On Friday, the first officials from Saudi Arabia and Iran began arriving in Baghdad, the capital of Iraq, in advance of a summit between the two nations intended to promote a wider understanding across the region.
Iraq is a significant destination for a peace summit: following the 2003 U.S.-led invasion that deposed Saddam Hussein, the country became a battleground for regional rivalries, with Iran-backed political parties and militias exerting significant influence over Iraq’s politics. The nation has charted a largely independent course under the leadership of Prime Minister Mustafa al-Kadhimi, who volunteered Baghdad as a site for neutral mediation.
The talks are happening concurrently with negotiations to renew the Joint Comprehensive Plan of Action (JCPOA) nuclear agreement in Vienna, which the U.S. withdrew from in 2018 and Iran has largely stopped complying with in response to additional sanctions. While the outline of the agreement is known—sanctions relief in exchange for a renewed commitment not to enrich weapons-grade uranium—talks have made slow progress as both sides have asked the other to make the first concession. Biden has stated that a future JCPOA should have diplomatic input from regional nations, including Saudi Arabia and the United Arab Emirates, who would be directly threatened by Iranian nuclear weapons.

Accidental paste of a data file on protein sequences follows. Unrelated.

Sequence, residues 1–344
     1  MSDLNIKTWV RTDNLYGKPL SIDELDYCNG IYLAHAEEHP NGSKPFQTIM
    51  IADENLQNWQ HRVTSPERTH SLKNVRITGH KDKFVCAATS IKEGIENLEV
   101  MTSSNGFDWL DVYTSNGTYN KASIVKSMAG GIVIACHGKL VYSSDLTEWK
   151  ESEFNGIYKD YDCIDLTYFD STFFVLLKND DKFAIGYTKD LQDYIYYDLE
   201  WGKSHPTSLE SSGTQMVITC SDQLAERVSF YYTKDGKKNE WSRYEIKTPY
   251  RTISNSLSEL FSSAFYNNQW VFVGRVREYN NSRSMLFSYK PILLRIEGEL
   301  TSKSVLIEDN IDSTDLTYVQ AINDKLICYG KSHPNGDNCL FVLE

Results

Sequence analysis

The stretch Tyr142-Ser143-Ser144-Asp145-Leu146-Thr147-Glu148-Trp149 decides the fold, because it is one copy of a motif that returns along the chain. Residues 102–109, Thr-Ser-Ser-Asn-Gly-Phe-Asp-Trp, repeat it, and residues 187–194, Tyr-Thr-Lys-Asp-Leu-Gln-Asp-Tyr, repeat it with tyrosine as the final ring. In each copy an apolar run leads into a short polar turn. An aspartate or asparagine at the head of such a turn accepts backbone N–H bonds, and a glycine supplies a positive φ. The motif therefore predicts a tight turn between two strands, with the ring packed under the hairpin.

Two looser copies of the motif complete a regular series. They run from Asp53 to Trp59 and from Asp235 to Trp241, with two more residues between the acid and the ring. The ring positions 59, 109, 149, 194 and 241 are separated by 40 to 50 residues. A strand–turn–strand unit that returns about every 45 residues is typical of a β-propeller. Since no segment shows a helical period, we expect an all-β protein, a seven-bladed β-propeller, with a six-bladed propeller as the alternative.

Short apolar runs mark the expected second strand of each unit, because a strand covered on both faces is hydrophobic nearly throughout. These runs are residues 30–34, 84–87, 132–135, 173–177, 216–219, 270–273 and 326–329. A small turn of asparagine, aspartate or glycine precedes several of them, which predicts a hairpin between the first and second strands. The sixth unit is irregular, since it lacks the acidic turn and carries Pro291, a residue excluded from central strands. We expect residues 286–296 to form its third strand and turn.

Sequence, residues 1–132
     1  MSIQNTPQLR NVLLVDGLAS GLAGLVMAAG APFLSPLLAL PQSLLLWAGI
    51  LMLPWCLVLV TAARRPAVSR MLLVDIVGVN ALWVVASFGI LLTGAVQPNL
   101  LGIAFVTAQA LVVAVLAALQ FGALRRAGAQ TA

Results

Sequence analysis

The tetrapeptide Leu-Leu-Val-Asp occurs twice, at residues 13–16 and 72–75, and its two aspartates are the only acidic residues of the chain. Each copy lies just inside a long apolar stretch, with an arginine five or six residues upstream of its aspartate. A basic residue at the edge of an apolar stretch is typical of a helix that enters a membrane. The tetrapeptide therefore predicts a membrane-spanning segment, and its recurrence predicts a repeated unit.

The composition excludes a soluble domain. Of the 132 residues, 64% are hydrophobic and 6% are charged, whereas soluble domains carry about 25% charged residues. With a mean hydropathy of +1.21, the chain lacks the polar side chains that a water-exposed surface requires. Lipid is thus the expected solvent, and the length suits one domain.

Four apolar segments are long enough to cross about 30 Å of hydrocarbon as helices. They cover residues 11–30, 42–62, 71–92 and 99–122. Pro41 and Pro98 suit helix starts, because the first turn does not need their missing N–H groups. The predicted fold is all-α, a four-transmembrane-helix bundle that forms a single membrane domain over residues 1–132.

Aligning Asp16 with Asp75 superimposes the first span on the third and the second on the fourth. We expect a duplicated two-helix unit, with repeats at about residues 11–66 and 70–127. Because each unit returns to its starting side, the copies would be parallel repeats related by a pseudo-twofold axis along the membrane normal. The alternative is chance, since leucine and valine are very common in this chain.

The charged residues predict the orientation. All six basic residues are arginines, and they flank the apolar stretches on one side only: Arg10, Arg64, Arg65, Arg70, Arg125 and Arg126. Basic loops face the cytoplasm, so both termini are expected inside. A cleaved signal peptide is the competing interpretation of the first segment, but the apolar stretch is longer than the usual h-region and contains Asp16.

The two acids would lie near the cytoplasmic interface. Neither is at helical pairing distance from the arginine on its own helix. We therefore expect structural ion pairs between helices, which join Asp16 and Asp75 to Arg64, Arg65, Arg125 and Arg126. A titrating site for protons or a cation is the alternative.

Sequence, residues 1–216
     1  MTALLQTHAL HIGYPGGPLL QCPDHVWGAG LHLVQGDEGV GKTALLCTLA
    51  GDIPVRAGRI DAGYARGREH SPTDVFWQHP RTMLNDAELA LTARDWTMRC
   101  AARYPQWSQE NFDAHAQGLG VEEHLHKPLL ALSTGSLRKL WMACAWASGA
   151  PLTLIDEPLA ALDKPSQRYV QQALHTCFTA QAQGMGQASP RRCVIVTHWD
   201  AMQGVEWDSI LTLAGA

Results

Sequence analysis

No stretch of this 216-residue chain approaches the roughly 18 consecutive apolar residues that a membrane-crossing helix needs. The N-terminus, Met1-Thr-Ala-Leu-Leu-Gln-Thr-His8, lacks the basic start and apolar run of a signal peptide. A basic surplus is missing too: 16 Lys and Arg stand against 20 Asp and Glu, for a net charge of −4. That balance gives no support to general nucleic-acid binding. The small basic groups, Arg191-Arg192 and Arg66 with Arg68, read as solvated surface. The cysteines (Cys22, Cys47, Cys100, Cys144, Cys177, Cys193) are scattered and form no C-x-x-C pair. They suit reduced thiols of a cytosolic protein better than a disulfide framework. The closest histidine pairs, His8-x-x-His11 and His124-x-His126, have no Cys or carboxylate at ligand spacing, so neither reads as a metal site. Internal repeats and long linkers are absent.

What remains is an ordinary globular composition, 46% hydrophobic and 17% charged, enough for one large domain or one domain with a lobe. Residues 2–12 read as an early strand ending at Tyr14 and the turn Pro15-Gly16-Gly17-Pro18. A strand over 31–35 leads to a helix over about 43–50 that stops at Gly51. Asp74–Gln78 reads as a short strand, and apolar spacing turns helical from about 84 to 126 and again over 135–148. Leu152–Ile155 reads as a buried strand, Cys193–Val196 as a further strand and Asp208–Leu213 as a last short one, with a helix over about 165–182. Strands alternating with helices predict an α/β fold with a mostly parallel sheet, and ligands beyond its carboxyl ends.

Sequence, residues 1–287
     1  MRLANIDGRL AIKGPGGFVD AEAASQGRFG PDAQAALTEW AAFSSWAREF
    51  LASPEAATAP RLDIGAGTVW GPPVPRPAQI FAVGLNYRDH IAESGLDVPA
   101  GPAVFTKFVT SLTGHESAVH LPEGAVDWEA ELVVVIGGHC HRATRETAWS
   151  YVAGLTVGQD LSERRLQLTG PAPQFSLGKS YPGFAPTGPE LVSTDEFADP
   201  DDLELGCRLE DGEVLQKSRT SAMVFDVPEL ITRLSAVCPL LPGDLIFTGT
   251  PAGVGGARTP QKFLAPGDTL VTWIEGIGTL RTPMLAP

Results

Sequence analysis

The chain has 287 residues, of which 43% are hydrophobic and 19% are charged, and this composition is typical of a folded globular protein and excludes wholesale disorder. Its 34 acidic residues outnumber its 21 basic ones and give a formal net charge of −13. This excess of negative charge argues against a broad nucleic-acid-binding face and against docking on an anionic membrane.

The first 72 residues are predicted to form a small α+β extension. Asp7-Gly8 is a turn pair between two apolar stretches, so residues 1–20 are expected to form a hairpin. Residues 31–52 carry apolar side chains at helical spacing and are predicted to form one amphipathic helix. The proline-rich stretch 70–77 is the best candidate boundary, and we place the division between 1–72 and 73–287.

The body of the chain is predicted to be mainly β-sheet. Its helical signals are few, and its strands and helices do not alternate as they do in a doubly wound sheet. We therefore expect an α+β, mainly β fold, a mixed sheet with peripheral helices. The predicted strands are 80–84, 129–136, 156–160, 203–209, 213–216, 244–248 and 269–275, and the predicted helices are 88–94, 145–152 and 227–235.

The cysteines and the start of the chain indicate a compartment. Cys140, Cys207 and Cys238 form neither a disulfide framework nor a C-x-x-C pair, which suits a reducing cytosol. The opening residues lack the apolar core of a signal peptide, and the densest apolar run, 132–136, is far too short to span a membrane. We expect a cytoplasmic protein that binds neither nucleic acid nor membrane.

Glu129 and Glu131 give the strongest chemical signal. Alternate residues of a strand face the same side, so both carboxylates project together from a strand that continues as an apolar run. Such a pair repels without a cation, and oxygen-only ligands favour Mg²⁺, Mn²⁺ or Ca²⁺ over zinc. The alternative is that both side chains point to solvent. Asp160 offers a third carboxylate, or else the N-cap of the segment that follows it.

Ebrahim Raisi, Iran’s newly elected president, was also invited to the meeting, but it is unclear if he will attend. The attendance of King Abdullah of Jordan and President Abdel Fattah el-Sisi of Egypt has been confirmed, as well that of as French president Emmanuel Macron, the only European leader who will be present.
Topics of discussion for the wide-ranging meeting will include the war in Yemen, the political and financial collapse of Lebanon, the civil war in Syria, and the region’s ongoing water crisis, which has had particularly acute effects in Iran. The main topic, however, will probably be the ongoing tensions between Riyadh and Tehran, as the two nations have engaged in steadily escalating proxy conflicts since 2016 when they severed relations. In 2019, a drone attack briefly shut down Saudi Aramco’s ability to pump oil—an attack that Saudi Arabia accused Iran of perpetrating. Iran has denied these accusations.
The meeting is taking place in the shadow of the U.S. drawdown in the region under President Joe Biden, who has castigated America’s traditional regional allies, including Saudi Arabia, and indicated that American troops should return home. The most prominent consequences of this policy so far have been the U.S. withdrawal from Afghanistan, and the ensuing collapse of the Afghan government to the Taliban, with uncertain consequences across the Middle East.
Trevor Filseth is a current and foreign affairs writer for the National Interest.